John Mason has apologised at last but his remarks pose questions for party leadership writes Tom Peterkin
It took seven days for an apology to be dragged – kicking and screaming – from John Mason following his foolish comments about the IRA.
When it finally arrived, via an e-mail from the SNP press office late on Tuesday afternoon, it appeared reasonably fulsome.
“I deeply regret the offence and upset that has been caused to the relatives who lost loved ones and am extremely sorry that this has happened. I condemn and deplore all acts of terrorism. I do not intend to make any further comment,” said the SNP MSP for Glasgow Settleston.
His expression of regret marked a welcome change of tone from the mealy-mouthed utterances with which he had previously tried to justify his views.
But quite why it had taken so long for Mr Mason to make amends for a series of tweets that caused so much upset and anger is difficult to understand.
Also testing many people’s powers of comprehension is the question of why Mr Mason chose to make his remarks in the first place.
For those unacquainted with this sorry episode, Mr Mason found himself in hot water on both sides of the Irish Sea thanks to his suggestion that the IRA could be considered “freedom fighters”.
The offence caused by his description of one of the most vicious terrorist organisations the world has ever seen was compounded by the fact that his Twitter conversation concerned the execution of three young Scottish soldiers.
It was in the dark days of 1971 that teenage brothers John and Joseph McCaig, aged 17 and 18, along with 23-year-old Dougald McCaughey, were serving in the Royal Highland Fusiliers. They were off duty, unarmed and in civilian clothes when they were lured from a Belfast bar on a promise to meet some girls.
They were taken to a mountain road where they were shot in the back of their heads at close range. The murder of the young men caused widespread revulsion – not to mention unimaginable grief for their families. To this day the killings are regarded as among the most notorious of Northern Ireland’s brutal sectarian conflict.
It was against that background that Mr Mason was asked on Twitter to support a campaign to bring the killers to justice.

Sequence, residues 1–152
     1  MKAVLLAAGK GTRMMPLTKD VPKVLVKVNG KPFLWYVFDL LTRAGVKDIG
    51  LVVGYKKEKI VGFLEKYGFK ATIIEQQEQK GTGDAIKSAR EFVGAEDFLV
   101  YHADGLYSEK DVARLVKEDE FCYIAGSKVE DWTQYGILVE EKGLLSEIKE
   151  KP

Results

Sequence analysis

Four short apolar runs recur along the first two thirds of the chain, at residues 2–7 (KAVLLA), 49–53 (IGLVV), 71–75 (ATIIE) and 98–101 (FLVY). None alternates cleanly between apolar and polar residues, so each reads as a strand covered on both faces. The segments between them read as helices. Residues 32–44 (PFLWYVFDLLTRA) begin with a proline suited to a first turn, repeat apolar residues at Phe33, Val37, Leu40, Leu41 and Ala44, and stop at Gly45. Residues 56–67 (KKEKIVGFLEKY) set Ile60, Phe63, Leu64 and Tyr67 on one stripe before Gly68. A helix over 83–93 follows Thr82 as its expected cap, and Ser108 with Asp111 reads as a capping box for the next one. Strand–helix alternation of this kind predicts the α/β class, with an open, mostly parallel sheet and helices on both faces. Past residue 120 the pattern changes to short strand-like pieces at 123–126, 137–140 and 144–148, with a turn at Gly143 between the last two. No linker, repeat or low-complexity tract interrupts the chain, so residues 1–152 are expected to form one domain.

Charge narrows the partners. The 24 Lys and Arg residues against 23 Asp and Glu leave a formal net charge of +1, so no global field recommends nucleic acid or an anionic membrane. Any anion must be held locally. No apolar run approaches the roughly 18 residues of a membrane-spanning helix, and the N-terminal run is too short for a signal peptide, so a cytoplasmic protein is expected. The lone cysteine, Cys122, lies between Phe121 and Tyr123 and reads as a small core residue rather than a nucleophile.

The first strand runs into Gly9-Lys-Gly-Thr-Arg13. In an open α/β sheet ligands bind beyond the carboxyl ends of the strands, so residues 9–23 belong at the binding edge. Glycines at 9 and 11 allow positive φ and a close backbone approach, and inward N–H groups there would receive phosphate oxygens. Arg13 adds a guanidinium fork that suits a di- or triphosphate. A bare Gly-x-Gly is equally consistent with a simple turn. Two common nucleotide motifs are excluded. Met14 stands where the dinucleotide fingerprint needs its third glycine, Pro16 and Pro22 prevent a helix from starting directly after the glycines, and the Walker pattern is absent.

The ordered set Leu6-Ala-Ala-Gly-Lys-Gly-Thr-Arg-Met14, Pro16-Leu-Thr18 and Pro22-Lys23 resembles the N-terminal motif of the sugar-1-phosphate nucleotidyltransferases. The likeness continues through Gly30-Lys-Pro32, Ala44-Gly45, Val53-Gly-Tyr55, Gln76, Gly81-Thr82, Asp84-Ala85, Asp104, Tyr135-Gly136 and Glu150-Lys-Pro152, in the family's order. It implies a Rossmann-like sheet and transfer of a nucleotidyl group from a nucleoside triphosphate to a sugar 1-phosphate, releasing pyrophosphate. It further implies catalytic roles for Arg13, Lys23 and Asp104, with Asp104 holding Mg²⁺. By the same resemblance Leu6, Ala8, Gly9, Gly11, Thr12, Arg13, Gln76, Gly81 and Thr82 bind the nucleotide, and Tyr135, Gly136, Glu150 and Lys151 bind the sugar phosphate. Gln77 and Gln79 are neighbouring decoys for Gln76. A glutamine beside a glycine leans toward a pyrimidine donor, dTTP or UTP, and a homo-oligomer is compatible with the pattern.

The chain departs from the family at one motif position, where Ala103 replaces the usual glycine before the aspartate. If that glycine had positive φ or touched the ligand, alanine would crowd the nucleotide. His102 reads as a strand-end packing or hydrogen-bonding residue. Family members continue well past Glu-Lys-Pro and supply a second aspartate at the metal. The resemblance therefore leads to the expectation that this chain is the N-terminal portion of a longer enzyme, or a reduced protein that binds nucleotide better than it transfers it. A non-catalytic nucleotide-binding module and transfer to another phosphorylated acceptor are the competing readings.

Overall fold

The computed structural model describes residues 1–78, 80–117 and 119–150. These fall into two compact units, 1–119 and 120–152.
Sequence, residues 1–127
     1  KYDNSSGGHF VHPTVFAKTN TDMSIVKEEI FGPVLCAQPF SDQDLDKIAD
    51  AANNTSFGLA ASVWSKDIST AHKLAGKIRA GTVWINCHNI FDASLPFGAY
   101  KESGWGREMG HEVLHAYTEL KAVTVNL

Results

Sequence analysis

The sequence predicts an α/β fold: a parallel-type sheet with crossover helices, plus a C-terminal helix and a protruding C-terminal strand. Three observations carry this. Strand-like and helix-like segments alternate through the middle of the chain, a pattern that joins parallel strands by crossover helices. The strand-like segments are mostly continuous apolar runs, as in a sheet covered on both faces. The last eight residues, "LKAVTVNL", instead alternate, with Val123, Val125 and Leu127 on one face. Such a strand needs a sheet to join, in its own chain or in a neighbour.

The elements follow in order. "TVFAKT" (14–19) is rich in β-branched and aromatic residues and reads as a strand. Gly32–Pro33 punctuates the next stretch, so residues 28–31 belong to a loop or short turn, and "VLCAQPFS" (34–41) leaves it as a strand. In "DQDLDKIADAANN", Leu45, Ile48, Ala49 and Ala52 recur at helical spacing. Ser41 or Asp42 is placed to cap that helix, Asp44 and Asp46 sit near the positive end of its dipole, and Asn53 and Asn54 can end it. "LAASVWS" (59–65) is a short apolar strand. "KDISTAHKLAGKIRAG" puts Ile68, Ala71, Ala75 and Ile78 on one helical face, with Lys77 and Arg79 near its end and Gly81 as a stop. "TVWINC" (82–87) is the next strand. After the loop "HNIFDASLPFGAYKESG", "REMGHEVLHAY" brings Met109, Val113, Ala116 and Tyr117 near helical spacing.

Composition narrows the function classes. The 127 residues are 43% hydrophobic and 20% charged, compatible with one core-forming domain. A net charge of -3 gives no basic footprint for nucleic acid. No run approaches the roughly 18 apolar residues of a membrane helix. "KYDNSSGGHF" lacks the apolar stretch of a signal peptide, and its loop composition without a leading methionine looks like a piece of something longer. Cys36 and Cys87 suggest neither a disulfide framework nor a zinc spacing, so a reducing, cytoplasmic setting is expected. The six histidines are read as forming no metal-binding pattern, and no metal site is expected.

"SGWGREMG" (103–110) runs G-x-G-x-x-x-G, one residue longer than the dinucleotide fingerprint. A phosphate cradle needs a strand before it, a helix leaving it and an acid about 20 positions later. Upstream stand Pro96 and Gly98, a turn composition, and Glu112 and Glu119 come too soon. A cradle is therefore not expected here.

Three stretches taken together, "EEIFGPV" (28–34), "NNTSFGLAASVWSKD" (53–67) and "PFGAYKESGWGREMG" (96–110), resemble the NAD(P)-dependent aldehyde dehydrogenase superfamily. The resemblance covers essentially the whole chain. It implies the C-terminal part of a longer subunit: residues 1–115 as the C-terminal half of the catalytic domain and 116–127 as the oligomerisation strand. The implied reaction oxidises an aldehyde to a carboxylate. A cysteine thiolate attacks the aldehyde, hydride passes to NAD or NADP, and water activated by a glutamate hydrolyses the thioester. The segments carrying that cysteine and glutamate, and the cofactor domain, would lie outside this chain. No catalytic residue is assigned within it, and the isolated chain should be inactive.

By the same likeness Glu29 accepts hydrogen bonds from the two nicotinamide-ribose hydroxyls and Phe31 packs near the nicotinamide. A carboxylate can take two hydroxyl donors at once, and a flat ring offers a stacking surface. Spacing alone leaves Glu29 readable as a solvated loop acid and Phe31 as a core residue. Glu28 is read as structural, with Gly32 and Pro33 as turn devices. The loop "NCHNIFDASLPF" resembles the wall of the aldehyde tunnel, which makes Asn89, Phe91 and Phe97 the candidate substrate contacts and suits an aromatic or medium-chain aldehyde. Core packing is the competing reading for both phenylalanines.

In response to the message: “Will you support this campaign, or are these brave lads not Scottish enough in your opinion?” Mr Mason said: “Happy to support all campaigns to bring about justice. But not taking sides between Irish and British.”
The Glasgow Shettleston MSP was also asked if he supported the IRA during the Troubles. He replied that he was not taking sides on Irish issues.
After being challenged about “not taking sides between Scottish soldiers and Irish murderers”, he replied: “You say Irish murderers. Others say Irish freedom fighters. I support Scottish soldiers if they do good but not if they do bad.”
Mr Mason’s assertion that there may be some sort of moral ambiguity over the murder of three innocent men by terrorists quite rightly caused anger.
As an adherent of the Baptist Church, Mr Mason must know that, when God handed Moses the tablets of stone, the sixth commandment did not have a sub-clause saying some forms of cold-blooded murder could be justified if it was done in the name of a violent struggle for a united Ireland.
Even so there will be those of a charitable nature who will believe Mr Mason’s apology to be genuine. It does at least avoid the “sorry if any offence was caused” formula, so often used by politicians when they try to get themselves out of a hole with minimum loss of face.
There will, however, be other who believe Mr Mason’s apology is little more than an attempt to spare the SNP high command any further embarrassment.
There is little doubt that the furore over his comments was reflecting very badly on the SNP. Opposition parties at Holyrood condemned them. In Ulster, the Democratic Unionist Party called on Nicola Sturgeon and Alex Salmond to take action against Mr Mason to ensure that the MSP refrains from voicing such “grossly offensive” opinions in the future. These criticisms were amplified by an intervention from one of the soldiers’ family.
David McCaughey, a cousin of the oldest victim, was particularly withering. Mr Mason’s tweets, he said, were an insult to his family which made him “sick to the stomach”. He urged Ms Sturgeon and Mr Salmond to take action.
Against this chorus of condemnation, it is difficult to escape the impression that Mr Mason was under intense pressure to apologise from within the SNP.
Mr Mason may have done so, but the silence from the SNP leadership remains deafening. That point is not lost on Lord Kilclooney, who as plain John Taylor was the Northern Ireland minister for home affairs when the killings were carried out.
In a letter to this newspaper, Lord Kilclooney said the SNP leadership’s failure to distance themselves from Mr Mason was “even worse” than the remarks themselves.
He added: “I am appalled that Mr Mason should dismiss these IRA murderers in this way. I can assure the people of Scotland that the majority of people in NI, Catholic and Protestant, condemn the murders of three Scottish soldiers and deplore Mr Mason’s excuse for the IRA.”
Will Nicola Sturgeon do the same?